A homeless shelter may serve many demographics such as women, children and those with pets, and it may be a long-term or short-term solution for those in need. If you do not want to donate financially, helpful gifts may include personal-care items for residents or shelter needs needs such as volunteering.
Backpack on Track
Fill a backpack with personal-care items for a woman or man. These could include straight razors, shaving cream, soap, sanitary pads, deodorant, toothbrushes and toothpaste that someone can use at the shelter or take with her in the backpack when she leaves, if it is a short-term facility. For colder climates, winter coats, mittens and hats are vital. Those without a warm place to stay are at extreme risk of exposure, and when they leave the shelter they need appropriate gear. Regardless of climate, clean undergarments and new, proper-fitting shoes and socks also are important.
Keeping Up With Kids
In 2011, the Department of Education identified more than 1 million students as homeless. Add to this the number of runaways, and the odds of children being at a shelter increase. Babies and toddlers need diapers, socks, formula and bottles. Any child older than an infant also needs shoes, and everyone could use new clothes, including underwear. For older children, provide books and educational materials for them to use while at the shelter, and younger children might appreciate stuffed animals or coloring books and crayons to entertain them during their stay.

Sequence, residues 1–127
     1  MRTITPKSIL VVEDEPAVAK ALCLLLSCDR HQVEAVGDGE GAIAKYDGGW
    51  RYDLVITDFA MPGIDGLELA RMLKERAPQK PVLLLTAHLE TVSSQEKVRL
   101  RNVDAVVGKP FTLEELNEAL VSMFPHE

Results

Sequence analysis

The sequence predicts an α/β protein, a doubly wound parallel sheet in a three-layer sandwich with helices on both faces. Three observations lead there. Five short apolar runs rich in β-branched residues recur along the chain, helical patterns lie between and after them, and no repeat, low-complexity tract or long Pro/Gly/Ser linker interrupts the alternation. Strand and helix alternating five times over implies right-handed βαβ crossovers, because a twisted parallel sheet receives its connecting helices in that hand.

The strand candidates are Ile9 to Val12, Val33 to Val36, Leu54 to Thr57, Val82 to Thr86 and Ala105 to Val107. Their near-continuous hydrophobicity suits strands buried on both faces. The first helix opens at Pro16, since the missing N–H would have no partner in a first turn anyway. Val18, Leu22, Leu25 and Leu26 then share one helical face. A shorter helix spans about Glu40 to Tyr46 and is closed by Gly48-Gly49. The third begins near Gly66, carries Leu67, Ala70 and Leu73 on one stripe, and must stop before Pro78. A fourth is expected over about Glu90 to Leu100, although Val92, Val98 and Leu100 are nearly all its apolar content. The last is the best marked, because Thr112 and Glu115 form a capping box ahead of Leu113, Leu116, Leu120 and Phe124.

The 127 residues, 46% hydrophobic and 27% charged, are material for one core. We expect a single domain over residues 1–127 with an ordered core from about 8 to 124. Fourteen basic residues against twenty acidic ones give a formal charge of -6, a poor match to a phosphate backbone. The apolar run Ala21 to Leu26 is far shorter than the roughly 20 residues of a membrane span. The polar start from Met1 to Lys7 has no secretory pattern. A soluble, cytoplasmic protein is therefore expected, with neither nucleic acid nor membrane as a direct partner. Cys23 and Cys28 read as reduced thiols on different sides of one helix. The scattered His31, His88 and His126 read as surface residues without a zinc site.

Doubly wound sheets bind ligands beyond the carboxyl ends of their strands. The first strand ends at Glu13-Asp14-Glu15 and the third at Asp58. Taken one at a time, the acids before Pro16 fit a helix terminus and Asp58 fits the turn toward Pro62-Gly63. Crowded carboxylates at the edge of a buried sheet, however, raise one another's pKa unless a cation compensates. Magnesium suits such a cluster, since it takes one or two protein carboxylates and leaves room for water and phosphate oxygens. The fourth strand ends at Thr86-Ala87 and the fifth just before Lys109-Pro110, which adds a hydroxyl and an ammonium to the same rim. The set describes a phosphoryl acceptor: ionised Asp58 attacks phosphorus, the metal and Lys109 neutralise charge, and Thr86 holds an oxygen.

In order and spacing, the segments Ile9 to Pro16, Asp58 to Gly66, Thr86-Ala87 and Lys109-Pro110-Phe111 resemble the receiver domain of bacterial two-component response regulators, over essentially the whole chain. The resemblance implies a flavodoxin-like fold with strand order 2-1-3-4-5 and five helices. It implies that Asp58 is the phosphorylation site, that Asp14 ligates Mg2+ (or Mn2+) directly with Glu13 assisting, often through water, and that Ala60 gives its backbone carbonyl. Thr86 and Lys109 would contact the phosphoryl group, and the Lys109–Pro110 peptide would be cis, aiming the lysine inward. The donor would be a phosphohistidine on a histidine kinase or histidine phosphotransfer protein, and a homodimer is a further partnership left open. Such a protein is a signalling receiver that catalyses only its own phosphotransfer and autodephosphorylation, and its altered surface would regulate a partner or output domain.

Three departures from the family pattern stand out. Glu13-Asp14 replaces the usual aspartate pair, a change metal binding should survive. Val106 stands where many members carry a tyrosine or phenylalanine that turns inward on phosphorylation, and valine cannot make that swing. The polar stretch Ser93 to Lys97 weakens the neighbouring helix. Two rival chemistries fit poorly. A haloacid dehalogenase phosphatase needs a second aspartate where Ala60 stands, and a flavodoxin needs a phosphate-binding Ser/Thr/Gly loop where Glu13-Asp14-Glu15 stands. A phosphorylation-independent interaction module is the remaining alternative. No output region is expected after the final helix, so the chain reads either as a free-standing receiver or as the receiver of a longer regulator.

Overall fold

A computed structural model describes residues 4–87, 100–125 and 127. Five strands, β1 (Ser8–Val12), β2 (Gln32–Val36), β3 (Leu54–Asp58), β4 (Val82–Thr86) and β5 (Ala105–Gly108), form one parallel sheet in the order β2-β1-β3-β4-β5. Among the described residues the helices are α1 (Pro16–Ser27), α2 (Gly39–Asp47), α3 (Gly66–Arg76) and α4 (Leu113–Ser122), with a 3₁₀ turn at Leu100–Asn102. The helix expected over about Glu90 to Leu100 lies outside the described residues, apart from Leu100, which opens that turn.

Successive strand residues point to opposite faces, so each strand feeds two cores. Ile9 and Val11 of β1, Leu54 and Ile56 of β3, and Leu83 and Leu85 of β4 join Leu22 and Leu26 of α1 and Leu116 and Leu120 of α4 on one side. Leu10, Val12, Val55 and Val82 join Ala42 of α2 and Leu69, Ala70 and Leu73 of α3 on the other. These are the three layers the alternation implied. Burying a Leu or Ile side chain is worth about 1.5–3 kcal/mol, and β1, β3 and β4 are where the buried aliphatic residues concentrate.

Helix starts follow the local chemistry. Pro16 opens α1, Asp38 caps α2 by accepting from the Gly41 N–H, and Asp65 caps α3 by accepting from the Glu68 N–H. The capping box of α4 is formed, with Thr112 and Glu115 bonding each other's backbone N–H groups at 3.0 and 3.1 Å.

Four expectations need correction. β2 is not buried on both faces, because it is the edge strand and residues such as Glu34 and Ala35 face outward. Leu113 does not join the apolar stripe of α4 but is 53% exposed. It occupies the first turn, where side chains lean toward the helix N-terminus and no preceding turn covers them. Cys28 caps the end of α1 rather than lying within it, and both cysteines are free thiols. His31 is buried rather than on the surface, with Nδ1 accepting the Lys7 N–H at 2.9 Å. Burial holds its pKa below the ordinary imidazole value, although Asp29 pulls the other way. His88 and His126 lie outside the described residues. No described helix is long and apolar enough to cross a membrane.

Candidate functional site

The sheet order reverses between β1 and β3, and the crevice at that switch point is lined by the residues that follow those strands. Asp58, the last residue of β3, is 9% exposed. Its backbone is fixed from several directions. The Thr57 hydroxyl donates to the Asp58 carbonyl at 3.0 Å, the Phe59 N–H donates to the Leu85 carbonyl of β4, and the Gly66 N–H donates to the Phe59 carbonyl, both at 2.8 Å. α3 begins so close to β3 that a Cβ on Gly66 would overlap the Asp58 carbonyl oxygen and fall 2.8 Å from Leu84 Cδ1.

Feeding Fido and Cleo
Some people without homes have canine or feline companions. Most shelters do not provide items for a pet, but you can. Pack a box with dog or cat food, plastic dishes, and a thick towel or small blanket. If you have the financial means, include a collapsible crate for transportation and to provide a roof over the animal's head.
Shelter for Everyone
A shelter provides its residents with a place to sleep and eat and often a place to clean up. To help with this, give the shelter administrator gift cards to local grocery stores or nonperishable food. Towels, sheets and pillows are used daily, and blankets are necessities residents may be able to take with them to survive colder weather on the streets. A bag of inexpensive plastic rain ponchos serves both homeless individuals as well as volunteers helping outdoors during inclement weather.
Sheila Smith is a copy editor and writer with more than nine years of experience editing and writing for international media syndicate Tribune Media. Additional clients have included Times Union and Edgenuity. She has been involved with several nonprofit organizations, provided etiquette instruction for cultural and religious events and has experience in event planning.